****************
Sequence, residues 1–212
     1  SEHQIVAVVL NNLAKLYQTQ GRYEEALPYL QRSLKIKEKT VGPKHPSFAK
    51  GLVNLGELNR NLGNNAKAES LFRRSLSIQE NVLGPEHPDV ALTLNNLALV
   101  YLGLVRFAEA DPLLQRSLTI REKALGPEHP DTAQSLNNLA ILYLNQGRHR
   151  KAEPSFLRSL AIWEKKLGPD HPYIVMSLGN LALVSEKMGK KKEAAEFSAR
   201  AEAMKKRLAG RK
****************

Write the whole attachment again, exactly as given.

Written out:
Sequence, residues 1–212
     1  SEHQIVAVVL NNLAKLYQTQ GRYEEALPYL QRSLKIKEKT VGPKHPSFAK
    51  GLVNLGELNR NLGNNAKAES LFRRSLSIQE NVLGPEHPDV ALTLNNLALV
   101  YLGLVRFAEA DPLLQRSLTI REKALGPEHP DTAQSLNNLA ILYLNQGRHR
   151  KAEPSFLRSL AIWEKKLGPD HPYIVMSLGN LALVSEKMGK KKEAAEFSAR
   201  AEAMKKRLAG RK